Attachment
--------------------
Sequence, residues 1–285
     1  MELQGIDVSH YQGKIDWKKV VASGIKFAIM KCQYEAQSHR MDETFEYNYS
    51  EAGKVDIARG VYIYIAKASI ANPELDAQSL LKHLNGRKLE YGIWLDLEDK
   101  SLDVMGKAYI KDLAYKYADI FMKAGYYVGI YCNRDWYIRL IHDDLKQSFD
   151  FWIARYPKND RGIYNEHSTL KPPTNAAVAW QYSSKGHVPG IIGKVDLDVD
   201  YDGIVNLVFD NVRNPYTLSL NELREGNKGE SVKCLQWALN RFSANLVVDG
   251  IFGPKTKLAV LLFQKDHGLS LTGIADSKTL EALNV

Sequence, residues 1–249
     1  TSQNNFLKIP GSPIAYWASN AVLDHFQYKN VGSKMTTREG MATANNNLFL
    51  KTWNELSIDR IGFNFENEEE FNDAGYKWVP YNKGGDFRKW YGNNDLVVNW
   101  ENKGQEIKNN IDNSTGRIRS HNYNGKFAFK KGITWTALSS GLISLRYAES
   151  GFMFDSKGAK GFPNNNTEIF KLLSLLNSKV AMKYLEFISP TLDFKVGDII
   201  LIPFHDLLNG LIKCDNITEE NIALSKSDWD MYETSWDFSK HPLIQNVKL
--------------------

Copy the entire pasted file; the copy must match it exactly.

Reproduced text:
Sequence, residues 1–285
     1  MELQGIDVSH YQGKIDWKKV VASGIKFAIM KCQYEAQSHR MDETFEYNYS
    51  EAGKVDIARG VYIYIAKASI ANPELDAQSL LKHLNGRKLE YGIWLDLEDK
   101  SLDVMGKAYI KDLAYKYADI FMKAGYYVGI YCNRDWYIRL IHDDLKQSFD
   151  FWIARYPKND RGIYNEHSTL KPPTNAAVAW QYSSKGHVPG IIGKVDLDVD
   201  YDGIVNLVFD NVRNPYTLSL NELREGNKGE SVKCLQWALN RFSANLVVDG
   251  IFGPKTKLAV LLFQKDHGLS LTGIADSKTL EALNV

Sequence, residues 1–249
     1  TSQNNFLKIP GSPIAYWASN AVLDHFQYKN VGSKMTTREG MATANNNLFL
    51  KTWNELSIDR IGFNFENEEE FNDAGYKWVP YNKGGDFRKW YGNNDLVVNW
   101  ENKGQEIKNN IDNSTGRIRS HNYNGKFAFK KGITWTALSS GLISLRYAES
   151  GFMFDSKGAK GFPNNNTEIF KLLSLLNSKV AMKYLEFISP TLDFKVGDII
   201  LIPFHDLLNG LIKCDNITEE NIALSKSDWD MYETSWDFSK HPLIQNVKL